September 26th, 2021
This September 30th, the Waterloo Region District School Board (WRDSB) will acknowledge a new federally recognized day, the National Day for Truth and Reconciliation. Because this is a federal statutory holiday all schools will remain open and provincial employees do not have the day off.
Our school will hold its first virtual assembly on Friday, October 1st 2021 where we will reflect on the events that took place during week.
You are welcome to watch the Silverheights’ Every Child Matters Assembly online, on Friday, October 1st at 11:30 AM via Google Stream by clicking on THIS LINK.
In order to recognize the importance of Truth and Reconciliation Week and Orange Shirt Day, we will be lowering flags starting on Monday, September 27, and will remain lowered until the end of day on Monday, October 4th, which is the National Day of Action for Missing and Murdered Indigenous Women and Girls. Flags will already be down for Police and Peace Officers’ National Memorial Day and should remain lowered until the end of day on October 4.
Cultural Safety in Our Classes
Our educators at Silverheights have been provided with many resources to learn about the impact that learning about, as well as not learning about, residential schools and their legacy may have on our school communities. There are many Indigenous staff and students in the WRDSB. We are confident that our educators at Silverheights will be mindful of all potential impacts (not only intentions) of our actions and that they will honour Survivors, their families and Indigenous Peoples in Canada by teaching Indigenous bravery, resilience and innovation in the face of hard truths in a manner that is pedagogically sound and age appropriate.
Education for Families:
1. What is National Day for Truth and Reconciliation?
The government recently passed legislation to make September 30th a federal statutory holiday called the National Day for Truth and Reconciliation to honour First Nations, Inuit, and Métis Residential School survivors, their families, and communities.
This day was created as a response to the Truth and Reconciliation Commission’s Call to Action #80 that states: ”We call upon the federal government, in collaboration with Aboriginal peoples, to establish, as a statutory holiday, a National Day for Truth and Reconciliation to honour Survivors, their families, and communities, and ensure that public commemoration of the history and legacy of residential schools remains a vital component of the reconciliation process.” The National Day for Truth and Reconciliation is meant to provide the time and space to allow us to reflect on the atrocities this nation committed against the original inhabitants. Unlike most holidays, this is not seen as a day for celebration but rather one for reflection.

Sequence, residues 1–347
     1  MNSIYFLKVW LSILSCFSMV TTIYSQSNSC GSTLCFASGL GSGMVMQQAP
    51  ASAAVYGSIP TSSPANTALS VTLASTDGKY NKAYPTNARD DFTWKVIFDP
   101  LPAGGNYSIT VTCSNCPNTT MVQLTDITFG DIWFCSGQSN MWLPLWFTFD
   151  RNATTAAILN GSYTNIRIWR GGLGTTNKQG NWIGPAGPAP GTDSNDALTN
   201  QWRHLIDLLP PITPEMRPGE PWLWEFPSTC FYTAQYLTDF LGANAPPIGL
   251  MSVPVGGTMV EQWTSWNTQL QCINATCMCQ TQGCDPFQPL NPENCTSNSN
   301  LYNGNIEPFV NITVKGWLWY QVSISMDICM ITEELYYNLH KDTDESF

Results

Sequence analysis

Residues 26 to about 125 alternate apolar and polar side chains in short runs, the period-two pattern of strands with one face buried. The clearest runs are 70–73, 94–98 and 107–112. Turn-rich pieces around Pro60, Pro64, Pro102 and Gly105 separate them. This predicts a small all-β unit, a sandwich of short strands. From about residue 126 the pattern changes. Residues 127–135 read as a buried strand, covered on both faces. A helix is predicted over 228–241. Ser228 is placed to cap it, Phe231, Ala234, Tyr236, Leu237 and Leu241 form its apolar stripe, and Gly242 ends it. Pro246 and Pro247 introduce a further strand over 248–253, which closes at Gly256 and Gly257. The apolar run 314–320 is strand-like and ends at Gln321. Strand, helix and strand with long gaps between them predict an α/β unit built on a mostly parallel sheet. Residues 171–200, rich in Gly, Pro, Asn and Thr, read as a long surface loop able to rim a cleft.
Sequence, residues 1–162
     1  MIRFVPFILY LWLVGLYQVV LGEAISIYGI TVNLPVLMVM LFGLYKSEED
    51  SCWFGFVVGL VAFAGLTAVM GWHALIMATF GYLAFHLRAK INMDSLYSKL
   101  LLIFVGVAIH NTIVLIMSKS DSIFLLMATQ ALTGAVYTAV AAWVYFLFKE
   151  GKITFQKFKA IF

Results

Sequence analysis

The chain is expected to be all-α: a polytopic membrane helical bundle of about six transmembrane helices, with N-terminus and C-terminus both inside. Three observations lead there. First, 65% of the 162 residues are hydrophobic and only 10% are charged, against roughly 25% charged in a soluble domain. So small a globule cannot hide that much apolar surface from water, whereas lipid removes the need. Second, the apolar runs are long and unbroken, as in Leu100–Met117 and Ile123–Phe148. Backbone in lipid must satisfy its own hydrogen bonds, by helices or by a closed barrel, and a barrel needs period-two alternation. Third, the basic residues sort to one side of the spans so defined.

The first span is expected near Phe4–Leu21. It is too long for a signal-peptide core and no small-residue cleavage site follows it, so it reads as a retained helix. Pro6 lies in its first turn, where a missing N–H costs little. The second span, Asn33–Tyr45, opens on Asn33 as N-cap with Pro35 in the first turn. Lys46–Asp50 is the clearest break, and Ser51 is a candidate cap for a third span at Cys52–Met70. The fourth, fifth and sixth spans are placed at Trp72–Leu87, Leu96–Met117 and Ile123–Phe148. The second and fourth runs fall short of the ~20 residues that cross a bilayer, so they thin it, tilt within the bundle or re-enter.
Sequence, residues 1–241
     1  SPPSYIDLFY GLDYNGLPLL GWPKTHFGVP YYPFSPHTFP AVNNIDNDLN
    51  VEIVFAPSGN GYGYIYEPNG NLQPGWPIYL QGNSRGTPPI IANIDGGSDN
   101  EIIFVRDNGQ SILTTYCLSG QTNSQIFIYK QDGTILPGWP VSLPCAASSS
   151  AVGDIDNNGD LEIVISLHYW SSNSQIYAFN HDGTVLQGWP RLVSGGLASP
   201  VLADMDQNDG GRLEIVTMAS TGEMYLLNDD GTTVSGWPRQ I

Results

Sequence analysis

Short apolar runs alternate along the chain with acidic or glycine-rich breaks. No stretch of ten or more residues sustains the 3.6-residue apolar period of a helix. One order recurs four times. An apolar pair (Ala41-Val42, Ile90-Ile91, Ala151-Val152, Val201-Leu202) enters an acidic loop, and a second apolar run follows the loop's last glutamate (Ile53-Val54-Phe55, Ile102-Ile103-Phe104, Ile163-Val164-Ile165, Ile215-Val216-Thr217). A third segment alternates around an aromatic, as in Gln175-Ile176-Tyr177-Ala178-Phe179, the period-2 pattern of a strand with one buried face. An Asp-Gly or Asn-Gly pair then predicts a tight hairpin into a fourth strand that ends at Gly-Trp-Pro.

In addition to the National Day for Truth and Reconciliation, WRDSB will continue to observe Orange Shirt Day, which falls on the same date (September 30th), as a way to honour residential school survivors, those who did not survive, and their descendants. Educating ourselves about the National Day for Truth and Reconciliation and Orange Shirt Day is just one of the ways non-Indigenous people can work toward reconciling relationships with Indigenous Peoples.
2. What is Orange Shirt Day?
Orange Shirt Day is observed each September 30th and was first launched in 2013. The origin of Orange Shirt Day is based on Phyllis Webstad’s story of entering an Indian Residential School in 1973 and having her new orange shirt removed from her and replaced with a school uniform.
For well over a century, Indian Residential Schools were used as a tool to assimilate Indigenous Peoples into the dominant Canadian culture. Established in 1892 by the Canadian government, in partnership with churches, Indigenous children were often moved long distances from their families and lived at the schools. Once at school, Indigenous children were forbidden to speak their languages nor practice their cultures and traditions. Living conditions for students in Indian Residential Schools were often harsh and there was often significant emotional, physical, sexual abuse, and even death of the students. Since May 2021, more than 3,000 children have been recovered near the sites of former Indian Residential Schools.
Phyllis’ experience of having her orange shirt taken from her is symbolic of all that was taken from Indigenous Peoples as a result of Indian Residential Schools and is the reason we wear orange on September 30th each year.